Retained inside the main entrance is the historic 1934, New Deal Works Progress (WPA)-funded fresco, The American Panorama, by Baltimore artist Nelson Rosenberg. Another look back to the building’s origin was to reclaim the courtyard as “the heart” of the school and community.

 The school boasts of accomplished alumni including Washington Nationals Ted Lerner, Isabel Wilerson, author of The Warmth of Other Suns Diane Rehm, Colby King, Eleanor Holmes Norton, among many others. Presently, attendance at the dual language school, which can serve 1,200 students, is 684 with 71% being African-American and 29% Hispanic.

 Other schools in the area include those in Petworth, Brightwood Park, and Crestwood.

 Beloved NPR personality Diane Rehm recently toured her alma mater and shared with The InTowner her admiration for the school:  “Roosevelt was an absolutely superb school, whether the subject was geometry, Latin, English, or government. We learned how government operated, what the three branches of government did, and how it all worked, something every young person in this country needs to learn. We probably had the equivalent of today’s freshman year of college in our senior year. We had terrific teachers and a fabulous principal, Elva C. Wells.”

 Vibrant Businesses

 Upshur Street Books opened in November of 2014, next door to the Petworth Citizen and Reading Room restaurants which owner Paul Ruppert had opened a year earlier. Featuring books by local authors, “Indie and local” is this literary hub’s message and focus.

Another highlight — located adjacent to the workout gym facility and the Washington DC Vet Center — is the large Annie’s Ace Hardware store in the 1200 block, which was one of several in Northwest featured in our February 2017 issue.

Particularly noteworthy are the wide variety of restaurants that now can be found along the street and in the immediate vicinity. Among these is Slim’s Diner at the northeast corner of Upshur and Georgia Avenue known for its red diner booths and its hearty breakfasts.

And in its October 8th posting, the Petworth News blog noted that “[w]hile you can get a bacon and egg or pancake breakfast at Slim’s Diner, or a delicious weekend morning egg and sausage empanada at Timber Pizza, now Petworth Citizen’s chef Jamie Rutherford has put together a new pretty fancy-looking (and tasty sounding) brunch menu for Upshur Street.”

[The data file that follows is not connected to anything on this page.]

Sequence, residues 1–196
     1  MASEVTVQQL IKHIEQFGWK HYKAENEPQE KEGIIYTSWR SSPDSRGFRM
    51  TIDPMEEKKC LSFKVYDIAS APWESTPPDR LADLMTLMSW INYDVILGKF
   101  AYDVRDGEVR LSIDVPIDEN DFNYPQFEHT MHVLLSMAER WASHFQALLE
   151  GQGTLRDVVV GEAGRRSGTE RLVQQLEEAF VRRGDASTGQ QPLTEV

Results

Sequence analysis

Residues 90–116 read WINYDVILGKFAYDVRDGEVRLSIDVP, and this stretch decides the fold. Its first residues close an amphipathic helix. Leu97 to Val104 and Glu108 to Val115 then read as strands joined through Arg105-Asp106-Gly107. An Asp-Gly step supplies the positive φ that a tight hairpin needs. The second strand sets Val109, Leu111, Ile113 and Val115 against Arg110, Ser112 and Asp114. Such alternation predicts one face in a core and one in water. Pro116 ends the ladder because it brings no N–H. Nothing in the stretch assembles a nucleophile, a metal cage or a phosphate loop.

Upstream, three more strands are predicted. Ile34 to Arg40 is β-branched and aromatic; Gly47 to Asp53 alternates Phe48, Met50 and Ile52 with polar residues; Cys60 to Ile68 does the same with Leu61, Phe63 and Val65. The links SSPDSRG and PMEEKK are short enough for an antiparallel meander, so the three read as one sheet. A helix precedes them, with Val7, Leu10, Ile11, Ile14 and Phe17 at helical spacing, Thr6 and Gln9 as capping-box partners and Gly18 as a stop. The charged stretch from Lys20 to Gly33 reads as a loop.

And, Himitsu at 828 Upshur must be very pleased that it was included among the Washington Post’s restaurant reviewer Tom Sietsema’s top 10 Fall 2017, Dining Guide. This Japanese oriented restaurant does not take reservations and only has two-dozen seats. Kevin Tien and Carlie Steiner are first-time owners.

At the former Chez Billy location, directly south of Upshur at 3813 Georgia Avenue is Ten Tigers Parlour. Also to be enjoyed there is Short Eats, serving its Sri Lankan rotis and curry bowls. Short Eats was featured at the re-opening of the Smithsonian’s Sackler and Freer AisianArts Museums during its IlluminAsia Festival.

Thrillist recently listed Timber Pizza Company at 809 Upshur as one of the 15 best places for pizza in DC. Opened in 2016, it features communal tables and growlers of local beer. Executive Chef Daniela Moreira is a graduate of the Carlos Rosario Charter School in Columbia Heights. Moreira dreams of opening a Timber Pizza in her native country of Argentina.

The farmers market’s coordinator Caitlin Roberts declares that the sales at this market have almost doubled since it was started  three years ago. Timber Pizza got its start as a vendor at the marketl.


Business owner and initiator Paul W. Ruppert of Warehouse Industries, who owns Petworth Citizen, Slim’s Diner and Upshur Street Books, sums it up well: “I’ve always loved the neighborhood vibe of Upshur Street. Our businesses thrive because we have a ‘Neighbors First’ policy. Petworth has a wonderful mix of residents who have been in the neighborhood for decades, combined with lots of newcomers who bring a new vitality. This combination of history and energy is hard to beat. I’ve been friends with Petworth residents ever since I went to a nearby high school. It has always had a dynamic feel. The future of Upshur Street is promising. In the next year we are expecting a new restaurant and a new shop, plus the addition of several condo buildings. So far, Upshur Street seems to be growing organically.” Ruppert owns.

*Larry Ray is a former president of the North Columbia Heights Civic Association (NCHCA), previously served two terms as a commssioner on the Columbia Heights ANC just south of Petworth, andserves as Next Door Coordinator for NE Columbia Heights.

Copyright © 2017 InTowner Publishing Corp. & Larry Ray. All rights reserved.